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             Kari Millstein was never particularly interested in the legal system. But in eighth grade some members of Kodiak Teen Court spoke in one of her classes, and Millstein decided to see what it was like. Now, Millstein, a senior in high school, is president of Teen Court, a teen judge and looking at the possibility of law school when she graduates next spring.
             Kodiak’s Teen Court is a state-approved program where students in eighth grade and higher can become judges and attorneys in real criminal cases. The cases typically involve youth 18 and under who have chosen to go through Teen Court. Some cases come from the Alaska State Court system, as well as the Alaska Department of Juvenile Justice, and more often than not they include misdemeanor offenses and MIPs, which are minor in possession of alcohol offenses.
             Millstein said Teen Court has been an influential experience in her life and taught her a lot about the legal system. She served as an attorney before becoming a judge, and said it’s definitely a weird experience to defend, prosecute and legally judge some of her every day peers.
            “It’s hard not to seem sort of condescending, and I don’t want them to think of me as someone who thinks I’m so much better than they are. I just want them to know that I’m here to help. Because it could have just as easily been me in that situation, and maybe they were just in the wrong place at the wrong time.”

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Oct 23 2013
Diaper Bank to Provide Relief for Low Income Parents PDF Print E-mail
Wednesday, 23 October 2013

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            It’s no question that many things are more expensive when you live on an island, including necessities for young parents. Emily Arnick works with the Cama’i Home Visiting Program through the Kodiak Area Native Association and estimates the average supply of diapers for one child per year costs $1,296 in Kodiak. She said a minimum wage job only pays about $14,024 per year, meaning almost ten percent of a parent’s income could go toward diapers alone.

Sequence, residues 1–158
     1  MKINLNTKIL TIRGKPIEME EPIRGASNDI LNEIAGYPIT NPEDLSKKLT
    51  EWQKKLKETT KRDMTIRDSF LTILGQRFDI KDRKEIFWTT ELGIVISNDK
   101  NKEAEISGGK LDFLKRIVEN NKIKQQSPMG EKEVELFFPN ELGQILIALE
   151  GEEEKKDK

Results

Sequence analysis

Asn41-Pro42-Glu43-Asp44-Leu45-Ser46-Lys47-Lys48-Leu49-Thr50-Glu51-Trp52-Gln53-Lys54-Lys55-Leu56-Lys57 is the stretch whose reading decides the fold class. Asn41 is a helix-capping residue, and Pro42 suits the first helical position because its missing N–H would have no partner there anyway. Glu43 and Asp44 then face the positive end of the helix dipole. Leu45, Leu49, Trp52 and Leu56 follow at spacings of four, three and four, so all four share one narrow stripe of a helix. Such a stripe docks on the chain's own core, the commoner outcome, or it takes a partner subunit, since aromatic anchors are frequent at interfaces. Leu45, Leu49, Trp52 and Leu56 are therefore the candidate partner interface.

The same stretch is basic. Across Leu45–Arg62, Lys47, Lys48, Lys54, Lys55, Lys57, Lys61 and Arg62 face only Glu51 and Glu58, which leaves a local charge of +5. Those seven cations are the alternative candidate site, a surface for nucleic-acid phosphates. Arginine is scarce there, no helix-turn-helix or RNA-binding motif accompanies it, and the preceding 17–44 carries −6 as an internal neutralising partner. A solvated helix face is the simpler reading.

Arnick said that’s a huge amount of money and could cause unwanted stress, especially for a single parent.
            “Which ultimately affects a young child’s development because if mom is stressed that kind of carries over to the child. If she’s having to work two jobs then that’s less job that she can spend with her young child to teach them colors and letters and you know all those kinds of things. So I just started kind of thinking about it and thinking about it and you know there’s food banks and there’s you know other things, I wonder if there’s diaper banks.”
            That’s right, diaper banks. While it might sound silly, it’s no joke, especially when programs like WIC and Food Stamps don’t cover the cost of diapers for parents struggling financially. And as Arnick discovered from her research, it isn’t a new idea, either. 
            “There’s a few diaper banks popping up around the country, I think there’s two others in Alaska.”
            Now there are three. After seeing the need here in Kodiak, Arnick decided to start Kodiak’s first diaper bank.

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Oct 23 2013
Oliver New School Board President PDF Print E-mail
Wednesday, 23 October 2013

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    The Kodiak Island Borough School Board has a new set of officers following the municipal elections three weeks ago. Katie Oliver is now the body’s president, with new school board member Rick Kniaziowski assuming the vice presidential role.
    Debra Kirk is the board’s clerk and first-year member Todd Hailey is the treasurer. Norm Wooten is the only board member without a title, though he does hold the institutional memory of the board, having served for many years.
    Commander Michael Mullen is the board’s Coast Guard advisory representative, and Frano Nero is the student advisory representative.